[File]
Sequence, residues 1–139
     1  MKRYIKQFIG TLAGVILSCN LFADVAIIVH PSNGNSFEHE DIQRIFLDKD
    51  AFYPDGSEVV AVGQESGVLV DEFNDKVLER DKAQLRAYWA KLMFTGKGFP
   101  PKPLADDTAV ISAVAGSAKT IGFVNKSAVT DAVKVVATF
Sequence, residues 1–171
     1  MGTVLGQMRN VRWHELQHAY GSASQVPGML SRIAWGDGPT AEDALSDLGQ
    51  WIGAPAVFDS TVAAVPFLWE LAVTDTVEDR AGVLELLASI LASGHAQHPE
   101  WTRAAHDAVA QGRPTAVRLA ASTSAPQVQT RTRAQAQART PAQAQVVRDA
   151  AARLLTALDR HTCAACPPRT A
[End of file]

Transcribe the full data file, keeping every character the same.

Sequence, residues 1–139
     1  MKRYIKQFIG TLAGVILSCN LFADVAIIVH PSNGNSFEHE DIQRIFLDKD
    51  AFYPDGSEVV AVGQESGVLV DEFNDKVLER DKAQLRAYWA KLMFTGKGFP
   101  PKPLADDTAV ISAVAGSAKT IGFVNKSAVT DAVKVVATF
Sequence, residues 1–171
     1  MGTVLGQMRN VRWHELQHAY GSASQVPGML SRIAWGDGPT AEDALSDLGQ
    51  WIGAPAVFDS TVAAVPFLWE LAVTDTVEDR AGVLELLASI LASGHAQHPE
   101  WTRAAHDAVA QGRPTAVRLA ASTSAPQVQT RTRAQAQART PAQAQVVRDA
   151  AARLLTALDR HTCAACPPRT A